How Much Is Australian Agricultural Company Limited (ASX:AAC) Paying Its CEO?

By
Simply Wall St
Published
November 05, 2020

Hugh Killen has been the CEO of Australian Agricultural Company Limited (ASX:AAC) since 2018, and this article will examine the executive's compensation with respect to the overall performance of the company. This analysis will also look to assess whether the CEO is appropriately paid, considering recent earnings growth and investor returns for Australian Agricultural.

Check out our latest analysis for Australian Agricultural

How Does Total Compensation For Hugh Killen Compare With Other Companies In The Industry?

Our data indicates that Australian Agricultural Company Limited has a market capitalization of AU$660m, and total annual CEO compensation was reported as AU$774k for the year to March 2020. That's a slight decrease of 4.6% on the prior year. Notably, the salary which is AU$643.5k, represents most of the total compensation being paid.

In comparison with other companies in the industry with market capitalizations ranging from AU$279m to AU$1.1b, the reported median CEO total compensation was AU$1.1m. From this we gather that Hugh Killen is paid around the median for CEOs in the industry. What's more, Hugh Killen holds AU$317k worth of shares in the company in their own name.

Component20202019Proportion (2020)
Salary AU$643k AU$649k 83%
Other AU$131k AU$163k 17%
Total CompensationAU$774k AU$811k100%

Talking in terms of the industry, salary represented approximately 80% of total compensation out of all the companies we analyzed, while other remuneration made up 20% of the pie. Australian Agricultural is largely mirroring the industry average when it comes to the share a salary enjoys in overall compensation. If salary dominates total compensation, it suggests that CEO compensation is leaning less towards the variable component, which is usually linked with performance.

ASX:AAC CEO Compensation November 6th 2020

A Look at Australian Agricultural Company Limited's Growth Numbers

Australian Agricultural Company Limited has reduced its earnings per share by 26% a year over the last three years. Its revenue is down 8.2% over the previous year.

Few shareholders would be pleased to read that EPS have declined. And the impression is worse when you consider revenue is down year-on-year. These factors suggest that the business performance wouldn't really justify a high pay packet for the CEO. Moving away from current form for a second, it could be important to check this free visual depiction of what analysts expect for the future.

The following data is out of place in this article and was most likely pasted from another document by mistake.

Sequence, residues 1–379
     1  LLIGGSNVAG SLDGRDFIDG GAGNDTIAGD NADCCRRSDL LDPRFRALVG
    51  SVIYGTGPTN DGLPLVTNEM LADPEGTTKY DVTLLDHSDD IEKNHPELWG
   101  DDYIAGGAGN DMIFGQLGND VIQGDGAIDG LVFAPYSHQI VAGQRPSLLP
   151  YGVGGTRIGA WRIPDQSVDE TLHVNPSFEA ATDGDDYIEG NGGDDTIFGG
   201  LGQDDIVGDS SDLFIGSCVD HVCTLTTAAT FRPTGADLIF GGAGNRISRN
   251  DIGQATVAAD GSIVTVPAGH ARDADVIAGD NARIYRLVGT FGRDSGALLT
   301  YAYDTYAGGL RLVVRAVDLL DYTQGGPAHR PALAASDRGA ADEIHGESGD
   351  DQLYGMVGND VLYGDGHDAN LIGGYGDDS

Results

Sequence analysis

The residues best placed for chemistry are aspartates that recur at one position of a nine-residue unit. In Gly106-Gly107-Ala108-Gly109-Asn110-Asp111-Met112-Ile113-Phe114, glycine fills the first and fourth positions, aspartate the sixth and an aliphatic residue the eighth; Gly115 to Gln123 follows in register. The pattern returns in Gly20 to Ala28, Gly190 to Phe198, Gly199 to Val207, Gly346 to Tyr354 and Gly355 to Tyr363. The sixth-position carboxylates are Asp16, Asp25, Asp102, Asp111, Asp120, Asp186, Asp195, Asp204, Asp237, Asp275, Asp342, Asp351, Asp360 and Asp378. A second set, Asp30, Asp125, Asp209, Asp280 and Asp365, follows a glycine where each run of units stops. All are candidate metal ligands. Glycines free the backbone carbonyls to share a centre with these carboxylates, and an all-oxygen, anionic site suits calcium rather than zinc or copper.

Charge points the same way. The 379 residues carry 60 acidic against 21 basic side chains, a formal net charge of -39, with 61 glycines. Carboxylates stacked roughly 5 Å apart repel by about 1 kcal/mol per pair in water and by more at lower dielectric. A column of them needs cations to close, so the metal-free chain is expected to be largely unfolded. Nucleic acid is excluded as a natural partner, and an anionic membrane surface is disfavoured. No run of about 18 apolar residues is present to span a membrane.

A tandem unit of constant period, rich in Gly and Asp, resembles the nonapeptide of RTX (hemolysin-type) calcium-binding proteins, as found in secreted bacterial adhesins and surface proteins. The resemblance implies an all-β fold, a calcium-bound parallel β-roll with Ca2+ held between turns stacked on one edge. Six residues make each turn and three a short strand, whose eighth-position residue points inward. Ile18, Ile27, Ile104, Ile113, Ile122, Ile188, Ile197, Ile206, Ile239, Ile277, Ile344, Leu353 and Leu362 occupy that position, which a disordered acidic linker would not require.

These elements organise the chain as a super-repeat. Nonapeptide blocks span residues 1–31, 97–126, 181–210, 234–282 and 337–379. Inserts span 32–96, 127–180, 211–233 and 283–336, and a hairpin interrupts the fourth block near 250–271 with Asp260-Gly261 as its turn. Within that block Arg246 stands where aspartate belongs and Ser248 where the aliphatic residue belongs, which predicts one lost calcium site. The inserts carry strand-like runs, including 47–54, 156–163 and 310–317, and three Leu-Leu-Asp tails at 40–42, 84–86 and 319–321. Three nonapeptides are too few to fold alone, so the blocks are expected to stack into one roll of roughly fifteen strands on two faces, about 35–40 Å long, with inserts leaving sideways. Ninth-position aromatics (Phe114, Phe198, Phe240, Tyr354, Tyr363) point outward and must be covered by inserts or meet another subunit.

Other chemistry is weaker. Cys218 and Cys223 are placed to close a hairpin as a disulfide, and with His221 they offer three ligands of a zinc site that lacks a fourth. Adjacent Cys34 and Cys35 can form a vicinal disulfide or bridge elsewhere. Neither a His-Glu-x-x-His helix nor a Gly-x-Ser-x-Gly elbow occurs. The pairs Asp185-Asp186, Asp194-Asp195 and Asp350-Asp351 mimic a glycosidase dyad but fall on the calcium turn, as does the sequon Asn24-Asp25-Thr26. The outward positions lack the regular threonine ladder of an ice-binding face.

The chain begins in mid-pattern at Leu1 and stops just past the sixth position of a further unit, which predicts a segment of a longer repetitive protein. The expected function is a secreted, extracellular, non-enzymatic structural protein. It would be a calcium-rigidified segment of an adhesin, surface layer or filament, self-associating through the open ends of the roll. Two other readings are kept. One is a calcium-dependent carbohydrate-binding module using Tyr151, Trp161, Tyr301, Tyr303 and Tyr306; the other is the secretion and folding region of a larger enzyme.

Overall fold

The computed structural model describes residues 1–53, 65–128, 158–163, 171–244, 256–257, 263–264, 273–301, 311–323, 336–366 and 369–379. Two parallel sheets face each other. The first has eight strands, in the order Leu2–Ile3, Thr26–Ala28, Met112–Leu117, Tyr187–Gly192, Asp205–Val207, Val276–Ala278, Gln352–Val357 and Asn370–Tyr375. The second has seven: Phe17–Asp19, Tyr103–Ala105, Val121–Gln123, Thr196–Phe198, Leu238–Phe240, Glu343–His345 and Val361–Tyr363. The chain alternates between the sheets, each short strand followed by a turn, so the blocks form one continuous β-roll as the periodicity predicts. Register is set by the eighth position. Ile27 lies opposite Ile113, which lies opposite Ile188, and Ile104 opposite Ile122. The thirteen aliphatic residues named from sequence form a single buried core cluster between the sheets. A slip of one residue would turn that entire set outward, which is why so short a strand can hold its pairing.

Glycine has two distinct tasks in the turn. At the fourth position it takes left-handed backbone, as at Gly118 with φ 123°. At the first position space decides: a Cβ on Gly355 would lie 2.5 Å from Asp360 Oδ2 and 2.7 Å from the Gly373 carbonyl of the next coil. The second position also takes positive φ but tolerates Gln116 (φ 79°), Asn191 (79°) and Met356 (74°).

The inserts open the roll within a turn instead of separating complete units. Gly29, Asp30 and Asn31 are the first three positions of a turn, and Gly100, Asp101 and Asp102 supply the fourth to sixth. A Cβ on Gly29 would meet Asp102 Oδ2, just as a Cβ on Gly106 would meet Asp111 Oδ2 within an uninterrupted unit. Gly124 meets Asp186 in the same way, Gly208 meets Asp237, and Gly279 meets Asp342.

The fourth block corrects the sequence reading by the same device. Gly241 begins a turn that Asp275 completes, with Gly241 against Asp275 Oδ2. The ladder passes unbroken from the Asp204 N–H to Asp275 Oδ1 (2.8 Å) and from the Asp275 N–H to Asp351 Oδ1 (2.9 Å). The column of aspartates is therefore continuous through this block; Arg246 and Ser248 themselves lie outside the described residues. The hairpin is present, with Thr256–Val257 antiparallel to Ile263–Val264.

Has Australian Agricultural Company Limited Been A Good Investment?

Given the total shareholder loss of 31% over three years, many shareholders in Australian Agricultural Company Limited are probably rather dissatisfied, to say the least. Therefore, it might be upsetting for shareholders if the CEO were paid generously.

In Summary...

As we noted earlier, Australian Agricultural pays its CEO in line with similar-sized companies belonging to the same industry. Meanwhile, EPS growth and shareholder returns have been in the red for the last three years. Considering overall performance, shareholders will likely hold off support for a raise until results improve.

It is always advisable to analyse CEO pay, along with performing a thorough analysis of the company's key performance areas. That's why we did our research, and identified 3 warning signs for Australian Agricultural (of which 2 can't be ignored!) that you should know about in order to have a holistic understanding of the stock.

Of course, you might find a fantastic investment by looking at a different set of stocks. So take a peek at this free list of interesting companies.

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This article by Simply Wall St is general in nature. It does not constitute a recommendation to buy or sell any stock, and does not take account of your objectives, or your financial situation. We aim to bring you long-term focused analysis driven by fundamental data. Note that our analysis may not factor in the latest price-sensitive company announcements or qualitative material. Simply Wall St has no position in any stocks mentioned.
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